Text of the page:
Those who still assume that US high-paying jobs are doing just fine, the following disclosure from EQR will be disturbing: San Francisco and New York, which account for half of Equity Residential’s projected revenue growth, are seeing a slowdown in hiring for jobs that pay enough to enable renters to afford the new luxury-apartment supply coming in those cities." As Mizuho said "this one is very surprising to us."
Having purged virtually all of his domestic political enemies, it will probably not come as a surprise the head of research as well as the chief strategist at one of Turkey’s largest brokerages was stripped of his professional license and is facing criminal charges over a report analyzing the impact of the July 15 coup attempt, which Erdogan has found "insulting."
A month ago we warned of the looming hyperinflation coming to Nigeria (as well as much of Africa). It appears, following the central banks' rate hike to a record 14% (reach for yield anyone) in an attempt to stall the ongoing currency collapse, that Emefiele is worried, warning of "concern over headline inflation spike." Perhaps most worrying though, amid the chaos, Emefiele advised depositors in banks "to go about your business," adding that there was "no need to panic or worry." Hhhmm..
In a turbulent session for FX, the Yen soared as much as 1.4%, the most in three weeks, after Finance Minister Aso says the government will "leave actual policy measures to BOJ", sending the Nikkei lower by 1.4%. European stocks and U.S. equity index futures are little changed despite the slide in the key carry pair as the Fed starts its two day meeting.
As we said last night when reviewing Elon Musk's "Master Plan", Part Deux, "it's one of those thing you read twice, three times, and then look at those around you to see if you somehow missed the deep message." Judging by the litany of responses by the sell-side this morning, we weren't the only ones confused. As the following reactions from Wall Street analysts, the confusion was far-ranging.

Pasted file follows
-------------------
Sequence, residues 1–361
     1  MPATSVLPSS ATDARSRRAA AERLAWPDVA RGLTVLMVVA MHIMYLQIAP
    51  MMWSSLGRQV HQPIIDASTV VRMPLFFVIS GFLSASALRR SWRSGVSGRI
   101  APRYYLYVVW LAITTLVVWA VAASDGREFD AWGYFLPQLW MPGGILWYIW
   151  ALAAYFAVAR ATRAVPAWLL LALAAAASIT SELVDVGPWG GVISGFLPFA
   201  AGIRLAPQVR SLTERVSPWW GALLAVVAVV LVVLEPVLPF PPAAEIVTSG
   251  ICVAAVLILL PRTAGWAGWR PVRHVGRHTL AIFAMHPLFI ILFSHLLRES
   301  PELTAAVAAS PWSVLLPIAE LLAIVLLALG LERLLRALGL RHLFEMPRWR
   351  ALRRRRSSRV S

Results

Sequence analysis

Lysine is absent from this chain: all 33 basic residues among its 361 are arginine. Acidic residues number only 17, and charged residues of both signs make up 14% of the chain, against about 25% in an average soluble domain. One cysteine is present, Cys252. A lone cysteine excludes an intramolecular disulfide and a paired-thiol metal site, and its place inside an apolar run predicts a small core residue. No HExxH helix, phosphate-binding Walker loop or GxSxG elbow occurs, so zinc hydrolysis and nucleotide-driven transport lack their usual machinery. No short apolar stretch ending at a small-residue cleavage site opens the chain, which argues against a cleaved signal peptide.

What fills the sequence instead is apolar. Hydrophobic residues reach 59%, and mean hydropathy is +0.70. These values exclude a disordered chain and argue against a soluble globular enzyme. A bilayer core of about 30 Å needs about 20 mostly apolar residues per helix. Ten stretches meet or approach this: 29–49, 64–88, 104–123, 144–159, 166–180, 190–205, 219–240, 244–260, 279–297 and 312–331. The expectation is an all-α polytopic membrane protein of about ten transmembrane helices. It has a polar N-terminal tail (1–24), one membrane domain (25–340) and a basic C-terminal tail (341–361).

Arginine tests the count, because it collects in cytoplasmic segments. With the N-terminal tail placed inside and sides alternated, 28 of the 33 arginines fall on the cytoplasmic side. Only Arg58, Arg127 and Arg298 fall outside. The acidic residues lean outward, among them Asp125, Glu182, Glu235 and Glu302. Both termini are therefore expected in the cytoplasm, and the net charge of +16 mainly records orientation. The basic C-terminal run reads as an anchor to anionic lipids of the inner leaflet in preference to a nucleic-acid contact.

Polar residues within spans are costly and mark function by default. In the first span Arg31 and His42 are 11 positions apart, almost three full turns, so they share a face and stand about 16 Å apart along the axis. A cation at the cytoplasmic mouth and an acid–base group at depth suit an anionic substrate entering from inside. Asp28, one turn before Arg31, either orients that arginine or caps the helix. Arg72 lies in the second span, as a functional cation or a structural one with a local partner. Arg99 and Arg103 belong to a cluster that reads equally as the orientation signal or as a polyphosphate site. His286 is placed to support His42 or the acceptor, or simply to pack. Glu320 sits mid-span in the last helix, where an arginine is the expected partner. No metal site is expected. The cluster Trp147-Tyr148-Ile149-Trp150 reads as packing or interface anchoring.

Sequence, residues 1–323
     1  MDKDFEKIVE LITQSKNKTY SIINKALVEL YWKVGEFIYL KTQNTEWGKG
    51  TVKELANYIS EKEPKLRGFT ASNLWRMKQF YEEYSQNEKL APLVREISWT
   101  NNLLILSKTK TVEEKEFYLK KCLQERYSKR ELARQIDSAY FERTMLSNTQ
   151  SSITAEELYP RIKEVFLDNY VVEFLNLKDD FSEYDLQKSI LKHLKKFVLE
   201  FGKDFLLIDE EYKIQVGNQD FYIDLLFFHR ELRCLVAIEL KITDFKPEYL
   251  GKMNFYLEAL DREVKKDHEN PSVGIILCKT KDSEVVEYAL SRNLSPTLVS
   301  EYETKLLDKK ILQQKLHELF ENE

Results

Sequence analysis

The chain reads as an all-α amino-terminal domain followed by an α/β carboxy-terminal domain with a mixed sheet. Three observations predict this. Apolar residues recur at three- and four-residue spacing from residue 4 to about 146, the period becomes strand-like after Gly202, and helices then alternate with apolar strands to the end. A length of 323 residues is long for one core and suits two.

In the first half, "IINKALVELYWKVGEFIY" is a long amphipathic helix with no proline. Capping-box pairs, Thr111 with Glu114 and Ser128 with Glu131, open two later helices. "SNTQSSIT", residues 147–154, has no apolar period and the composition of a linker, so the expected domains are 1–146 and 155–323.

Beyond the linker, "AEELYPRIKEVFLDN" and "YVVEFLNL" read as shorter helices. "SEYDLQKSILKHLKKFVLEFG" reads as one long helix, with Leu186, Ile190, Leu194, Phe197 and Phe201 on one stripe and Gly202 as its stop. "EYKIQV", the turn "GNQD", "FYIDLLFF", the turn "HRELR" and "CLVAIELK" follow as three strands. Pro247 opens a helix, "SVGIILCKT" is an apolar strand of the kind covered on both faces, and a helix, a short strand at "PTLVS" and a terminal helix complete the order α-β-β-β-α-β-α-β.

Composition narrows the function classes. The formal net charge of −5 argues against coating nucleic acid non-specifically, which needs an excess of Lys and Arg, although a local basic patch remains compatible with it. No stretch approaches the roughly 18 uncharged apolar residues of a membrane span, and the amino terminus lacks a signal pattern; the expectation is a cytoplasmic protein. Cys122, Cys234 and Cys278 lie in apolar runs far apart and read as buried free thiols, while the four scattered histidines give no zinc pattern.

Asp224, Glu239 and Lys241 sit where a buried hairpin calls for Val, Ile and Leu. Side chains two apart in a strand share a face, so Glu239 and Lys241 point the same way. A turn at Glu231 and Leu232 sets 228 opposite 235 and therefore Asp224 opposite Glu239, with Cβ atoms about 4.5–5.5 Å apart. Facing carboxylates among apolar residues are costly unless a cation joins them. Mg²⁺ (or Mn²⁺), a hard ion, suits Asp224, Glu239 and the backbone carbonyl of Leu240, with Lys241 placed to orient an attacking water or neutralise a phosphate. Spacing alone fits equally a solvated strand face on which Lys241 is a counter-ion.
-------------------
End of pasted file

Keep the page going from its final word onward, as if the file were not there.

The Dow has closed at a record high for nine days in a row, so it (and U.S. equities generally) MUST be ready for a pullback, right? Not so fast. Thinking that reversion to the mean happens swiftly and reliably is something called “The Gambler’s Fallacy”. To borrow from an old capital markets aphorism, things can stay weird longer than you can stay solvent betting against them.
"Following the attempted coup on July 15, Turkey's political landscape has fragmented further. We believe this will undermine Turkey's investment environment, growth, and capital inflows into its externally leveraged economy. In the aftermath of the failed coup, we believe that the risks to Turkey's ability to roll over its external debt have increased."
It is probably a tie... Although the Saudis caused damage to U.S. shale, they also hit the global oil industry hard; and while they managed to preserve their market share, they paid a heavy price in terms of oil revenues.
While so far the Western diplomatic response to Erdogan's unprecedented putsch has been mostly stunned silence (with just the U.N. human rights chief expressing alarm about the mass suspension or removals of judges so far), the market is starting to get concerned, and moments ago the Turkish Lira suddenly tumbled, sliding below Friday's closing level, while at the same time the MSCI Turkish ETF plunged as well.
This week the S&P 500 surged to a new record high of 2164 this week while the 10-year US Treasury yield touched an all-time low of 1.37%. As a result Goldman, and especially its clients, are stumped. As chief equity strategist David Kostin admits, they have one burning question. As Kostin puts it, they "are struggling to reconcile how extreme valuations of both assets can co-exist."
The tremendous rally of the past 4 days that has sent global stocks soaring in recent days has finally been capped and European shares, S&P futures are all modestly lower following a deadly terror attack in Nice, France. Meanwhile Asian stocks rose as Chinese economic data beat estimates, with Q2 GDP rising by 0.1% more than the estimated 6.6% on the back of stronger housing data.
In a stunning study released today, one which refutes all its prior conclusions on the matter, McKinsey slams the establishment's status quo thinking and admits that the economic gains of changes in the global economy have not been widely shared lately, especially in the developed world. It finds that between 2005 and 2014, real incomes in the world's most advanced economies were flat or fell for 65 to 70% of households, or more than 540 million people.